8. Evil Penevil

    New Food Stalls at The Avenue

    The Food Court in the rear section of The Avenue has been open a couple of weeks now, but it doesn't appear to be off to a rousing start. It's total space is huge, probably bigger than the food court at Central Festival, but I never seen more than a handful of customers when I passed by, whether morning, afternoon of evening. It's open between 10 a.m. and 10.00 p.m. The food on offer is what you'd expect at a Thai food court, mostly inexpensive Thai dishes, but at least one vendor offer Western-style spaghetti. I've eaten there twice and wasn't impressed with the food, not at all. I had the boat noodles with beef at 55 baht ... and the fried rice with pork, also 55 baht. Both I would rank at mediocre as best. Boat noodles are supposed to have a strong, rich flavor due to the pig's blood and various herbs and spices used in the soup, but the bowl I had was very bland. It tasted like instant noodles out of a package. The fried rice was almost flavorless and quite oily with very little pork. I make better at home myself. The small food stalls that had previously occupied the rear section of The Avenue were much better, as are the stall in the open-air mid-section. Bottom line: Unless things improve dramatically, I won't be back. Evil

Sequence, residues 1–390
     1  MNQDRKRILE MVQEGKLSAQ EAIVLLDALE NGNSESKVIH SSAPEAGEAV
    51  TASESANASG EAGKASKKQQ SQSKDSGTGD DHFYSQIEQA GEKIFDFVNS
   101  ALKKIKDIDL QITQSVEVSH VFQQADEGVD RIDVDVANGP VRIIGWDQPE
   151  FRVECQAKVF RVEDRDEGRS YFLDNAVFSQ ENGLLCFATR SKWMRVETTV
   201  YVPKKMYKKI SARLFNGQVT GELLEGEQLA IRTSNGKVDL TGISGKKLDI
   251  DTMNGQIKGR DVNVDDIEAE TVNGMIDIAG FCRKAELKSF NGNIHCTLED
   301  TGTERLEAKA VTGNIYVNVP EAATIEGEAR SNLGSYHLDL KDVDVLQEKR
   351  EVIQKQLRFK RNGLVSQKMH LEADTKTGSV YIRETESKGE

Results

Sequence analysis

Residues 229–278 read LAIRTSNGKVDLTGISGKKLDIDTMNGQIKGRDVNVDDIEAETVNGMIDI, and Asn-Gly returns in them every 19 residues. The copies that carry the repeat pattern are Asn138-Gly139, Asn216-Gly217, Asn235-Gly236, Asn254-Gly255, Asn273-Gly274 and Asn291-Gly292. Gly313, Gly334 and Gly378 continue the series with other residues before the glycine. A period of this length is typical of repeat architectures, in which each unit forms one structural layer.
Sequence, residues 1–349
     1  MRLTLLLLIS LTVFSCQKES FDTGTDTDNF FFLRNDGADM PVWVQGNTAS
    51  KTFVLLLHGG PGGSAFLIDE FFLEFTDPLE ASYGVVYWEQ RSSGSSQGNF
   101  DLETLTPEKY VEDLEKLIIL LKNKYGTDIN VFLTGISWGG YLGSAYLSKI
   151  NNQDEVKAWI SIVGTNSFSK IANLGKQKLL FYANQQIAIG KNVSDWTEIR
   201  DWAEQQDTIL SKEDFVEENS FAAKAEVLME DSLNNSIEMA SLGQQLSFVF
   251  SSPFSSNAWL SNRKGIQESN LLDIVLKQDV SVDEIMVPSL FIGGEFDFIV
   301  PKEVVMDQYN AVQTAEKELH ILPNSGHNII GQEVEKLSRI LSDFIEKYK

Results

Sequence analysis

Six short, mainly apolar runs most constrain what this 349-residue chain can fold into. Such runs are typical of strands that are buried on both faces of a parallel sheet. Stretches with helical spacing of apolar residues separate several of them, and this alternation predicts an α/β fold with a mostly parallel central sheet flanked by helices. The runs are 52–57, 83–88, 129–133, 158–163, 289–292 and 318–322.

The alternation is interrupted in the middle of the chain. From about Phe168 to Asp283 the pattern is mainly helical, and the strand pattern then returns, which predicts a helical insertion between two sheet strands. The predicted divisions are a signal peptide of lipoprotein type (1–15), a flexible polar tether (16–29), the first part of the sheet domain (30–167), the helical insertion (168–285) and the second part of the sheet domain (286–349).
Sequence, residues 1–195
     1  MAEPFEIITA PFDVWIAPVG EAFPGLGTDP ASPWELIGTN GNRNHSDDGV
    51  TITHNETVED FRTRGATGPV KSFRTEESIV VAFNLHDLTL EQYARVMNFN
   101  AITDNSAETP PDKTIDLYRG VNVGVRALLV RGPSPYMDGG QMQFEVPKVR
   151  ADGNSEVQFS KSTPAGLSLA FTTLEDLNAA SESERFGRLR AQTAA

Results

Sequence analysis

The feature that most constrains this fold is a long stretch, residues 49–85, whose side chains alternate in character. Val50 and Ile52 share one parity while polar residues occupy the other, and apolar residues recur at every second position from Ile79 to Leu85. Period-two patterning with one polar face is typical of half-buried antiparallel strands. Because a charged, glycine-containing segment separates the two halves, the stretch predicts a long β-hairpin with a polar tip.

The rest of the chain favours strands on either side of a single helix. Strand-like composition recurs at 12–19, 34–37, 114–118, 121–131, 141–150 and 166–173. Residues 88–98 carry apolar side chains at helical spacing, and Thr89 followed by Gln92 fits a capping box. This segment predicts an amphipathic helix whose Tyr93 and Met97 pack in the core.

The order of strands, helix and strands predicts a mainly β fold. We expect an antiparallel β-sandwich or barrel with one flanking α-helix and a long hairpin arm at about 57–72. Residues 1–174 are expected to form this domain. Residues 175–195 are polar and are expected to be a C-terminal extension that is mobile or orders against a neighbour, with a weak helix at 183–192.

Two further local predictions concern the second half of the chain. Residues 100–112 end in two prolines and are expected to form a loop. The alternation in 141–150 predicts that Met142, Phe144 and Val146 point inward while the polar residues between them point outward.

9. Evil Penevil

    New Food Stalls at The Avenue

    the back section of the ground floor of The Avenue has been cleared of all the food and other stalls. Tonight a six-member crew was washing it down. The front bottom section still has food stalls, plus more tables and chairs: A new eating section has opened on the second floor: A Thai man was celebrating his birthday with his wife and a friend. He asked me to take pics. I will email him a copy of them. Evil
  10. Evil Penevil

    Under 300 Baht ... And Mediocre